Moreover, for a brief moment amidst the cataclysmic conquest of Baghdad by the Mongols in , the scion of a Berber family from the High Atlas, Mohamed al-Mustansir, Hafsid sultan from to , was the leading Muslim monarch, recognized as Caliph by the sharif governor of Mecca and Egyptian Mamlukes. But, as Maya Shatzmiller shows, this was no simple matter, involving, instead, complex dynamics of resistance, assertion, and acculturation.
Correctly, in my view, she sees the Berbers in ethnic terms, notwithstanding all of their variations and nuances, both in terms of self-definition and the perception of others. The Berber language was ac- cordingly permitted for use in religious books, and imams and khatibs who could recite the tawhid profession of faith in the Oneness of God in Ber- ber replaced existing Arabic-speaking functionaries in Fez. As recounted by Brett and Fentress, Berber speakers in the lowlands and level uplands of the Maghrib were either ab- sorbed into an Arab tribal structure speaking an Arabic dialect or almost entirely identified with the tribal peasant population and concentrated in more rugged and inaccessible regions, such as the Djurdjura to the east of Algiers.
The political unity attained by the Almoravids and Almohads, and the achievements of the Marinids, who had aspired to re-create the empires of their predecessors, had faded away. They were replaced by more localized dynasties: the Nasrids in Granada, the Wattasids in Morocco, the Zayyanids also known as Banu Abdul Wad of Tlemcen, and the Hafsids in Ifriqiya,77 accompanied by an increasing emphasis on sharifian origins by seekers of power in order to legitimize their claims.
This trend, occurring in the context of institutional disintegration and decadence, Iberian pres- sure and intervention, and Sufist development and dissemination,78 pene- trated down to the local tribal level, as Berber tribes concocted fictitious genealogies to link themselves with the Prophet. It was the outcome of hun- dreds of years of discussion regarding the subject. One commonly expressed view was that they descended from Jalut Goliath , whose followers had fled Canaan after being defeated by David.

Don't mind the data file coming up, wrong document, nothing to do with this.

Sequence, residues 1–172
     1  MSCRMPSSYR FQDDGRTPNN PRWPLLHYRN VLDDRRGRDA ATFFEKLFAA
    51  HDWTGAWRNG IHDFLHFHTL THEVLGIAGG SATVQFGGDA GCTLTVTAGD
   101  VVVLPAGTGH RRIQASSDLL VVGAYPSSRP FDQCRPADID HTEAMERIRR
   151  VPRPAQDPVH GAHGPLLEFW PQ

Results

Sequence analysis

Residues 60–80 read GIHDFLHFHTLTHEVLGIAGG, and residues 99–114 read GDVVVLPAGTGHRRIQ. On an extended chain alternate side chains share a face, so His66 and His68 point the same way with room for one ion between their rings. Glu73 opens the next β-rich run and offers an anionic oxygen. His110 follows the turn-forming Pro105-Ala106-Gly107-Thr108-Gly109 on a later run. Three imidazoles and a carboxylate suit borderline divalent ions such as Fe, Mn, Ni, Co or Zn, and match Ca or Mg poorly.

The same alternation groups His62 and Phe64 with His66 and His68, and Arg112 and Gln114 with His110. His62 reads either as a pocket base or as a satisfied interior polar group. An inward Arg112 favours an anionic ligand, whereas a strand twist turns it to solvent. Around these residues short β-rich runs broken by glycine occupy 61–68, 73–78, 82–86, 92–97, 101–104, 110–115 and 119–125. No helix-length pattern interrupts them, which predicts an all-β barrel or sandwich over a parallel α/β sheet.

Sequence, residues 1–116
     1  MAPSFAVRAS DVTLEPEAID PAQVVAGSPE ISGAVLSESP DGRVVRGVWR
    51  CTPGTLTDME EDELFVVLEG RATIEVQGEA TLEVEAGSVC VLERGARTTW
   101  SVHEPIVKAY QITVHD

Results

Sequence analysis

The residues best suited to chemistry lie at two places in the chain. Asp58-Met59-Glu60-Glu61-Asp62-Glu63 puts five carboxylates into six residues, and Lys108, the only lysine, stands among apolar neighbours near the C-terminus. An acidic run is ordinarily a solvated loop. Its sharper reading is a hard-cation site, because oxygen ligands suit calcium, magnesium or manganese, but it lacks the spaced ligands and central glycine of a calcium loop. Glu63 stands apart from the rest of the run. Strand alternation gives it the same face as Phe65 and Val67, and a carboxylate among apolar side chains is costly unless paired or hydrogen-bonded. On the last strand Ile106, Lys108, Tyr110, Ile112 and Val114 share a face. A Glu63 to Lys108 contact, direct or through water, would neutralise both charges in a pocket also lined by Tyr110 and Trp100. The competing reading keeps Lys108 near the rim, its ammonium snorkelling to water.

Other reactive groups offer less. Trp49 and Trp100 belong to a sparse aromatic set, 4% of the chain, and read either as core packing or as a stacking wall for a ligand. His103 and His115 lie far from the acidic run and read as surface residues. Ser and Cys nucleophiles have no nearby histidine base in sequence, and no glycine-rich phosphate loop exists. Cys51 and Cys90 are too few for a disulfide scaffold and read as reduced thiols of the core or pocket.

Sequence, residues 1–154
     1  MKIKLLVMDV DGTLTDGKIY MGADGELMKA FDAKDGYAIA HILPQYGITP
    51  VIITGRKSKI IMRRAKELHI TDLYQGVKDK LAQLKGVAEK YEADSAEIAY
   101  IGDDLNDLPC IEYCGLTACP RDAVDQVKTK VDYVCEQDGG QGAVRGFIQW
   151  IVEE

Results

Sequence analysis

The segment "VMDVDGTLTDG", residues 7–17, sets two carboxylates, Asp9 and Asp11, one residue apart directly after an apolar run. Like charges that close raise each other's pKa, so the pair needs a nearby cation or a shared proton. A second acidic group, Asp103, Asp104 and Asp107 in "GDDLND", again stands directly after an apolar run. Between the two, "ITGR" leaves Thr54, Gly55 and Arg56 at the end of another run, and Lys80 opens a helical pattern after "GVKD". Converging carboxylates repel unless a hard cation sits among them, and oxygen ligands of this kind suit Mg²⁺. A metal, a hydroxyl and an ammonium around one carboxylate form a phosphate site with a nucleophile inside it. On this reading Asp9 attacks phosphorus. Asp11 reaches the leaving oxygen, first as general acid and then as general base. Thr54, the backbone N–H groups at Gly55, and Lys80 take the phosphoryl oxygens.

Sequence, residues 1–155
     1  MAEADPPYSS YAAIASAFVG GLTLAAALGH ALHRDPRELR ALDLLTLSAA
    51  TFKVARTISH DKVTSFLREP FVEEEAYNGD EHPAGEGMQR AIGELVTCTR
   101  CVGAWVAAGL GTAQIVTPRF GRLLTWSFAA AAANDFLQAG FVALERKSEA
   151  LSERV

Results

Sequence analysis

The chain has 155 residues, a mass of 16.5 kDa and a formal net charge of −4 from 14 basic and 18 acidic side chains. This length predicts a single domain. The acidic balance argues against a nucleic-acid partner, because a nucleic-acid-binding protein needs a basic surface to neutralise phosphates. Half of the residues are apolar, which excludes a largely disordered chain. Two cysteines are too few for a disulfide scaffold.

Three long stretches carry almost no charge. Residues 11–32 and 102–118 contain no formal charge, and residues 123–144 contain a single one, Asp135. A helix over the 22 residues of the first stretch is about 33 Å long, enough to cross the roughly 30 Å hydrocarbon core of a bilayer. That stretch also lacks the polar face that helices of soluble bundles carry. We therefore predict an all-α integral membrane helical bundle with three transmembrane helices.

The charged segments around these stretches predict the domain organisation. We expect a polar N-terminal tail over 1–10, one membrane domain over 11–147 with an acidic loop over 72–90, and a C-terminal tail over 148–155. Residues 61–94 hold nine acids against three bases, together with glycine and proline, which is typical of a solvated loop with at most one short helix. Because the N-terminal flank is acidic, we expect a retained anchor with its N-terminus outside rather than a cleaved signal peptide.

Another version traced the Berbers to the aftermath of the Biblical Flood story. Accordingly, their ancestor was Ham, the son of Noah, who was said to have been born in, or chased to, the Maghrib. In both cases, they were most likely drawing on older Roman, Greek, and Jewish tradi- tions, which most likely were influenced by the immediately preceding and lengthy Punic period of North African history.
Ibn Khaldun also re- peated the legend of the Yemeni conqueror Ifriqish, who had left behind the ancestors of major Berber tribes such as the Kutama and Sanhaja, thus making them truly Arab in origin. The numerous Berber revolts against ruling authorities prompted a wealth of forged hadiths lambasting them as perfidious enemies of the faithful.
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In re- sponse, others extolled them as the most pure and devoted of Muslims, even claiming that the Berbers sent a delegation to the Prophet Mohamed asking to be among the first to join the new community of believers. Such was the power of Islam. To be sure, these competing ori- gin myths never percolated down to the masses of Berbers, as far as can be ascertained.
But over time, their thoroughgoing Islamization left most Berbers with no awareness of their actual past. All that they were left with were tribal genealogies, which increasingly included fabricated sharifian lineages. The Ottoman Period— Retreat to the Margins The Ottoman conquest of Cairo in from its Mamluke rulers inaugurated a four-hundred-year presence on the African continent and southern portion of the Mediterranean littoral.
Two years later, with- out prior planning, Ottoman rule was formally extended westward along the North African littoral, the consequence of rising Spanish and Habsburg power in the Central Maghrib and their struggle with the Ottoman fleet for control of the western Mediterranean, and the concurrent weaken- ing of the Tunis-based Hafsid sultanate and Tlemcen-based Abd al-Wadid dynasty.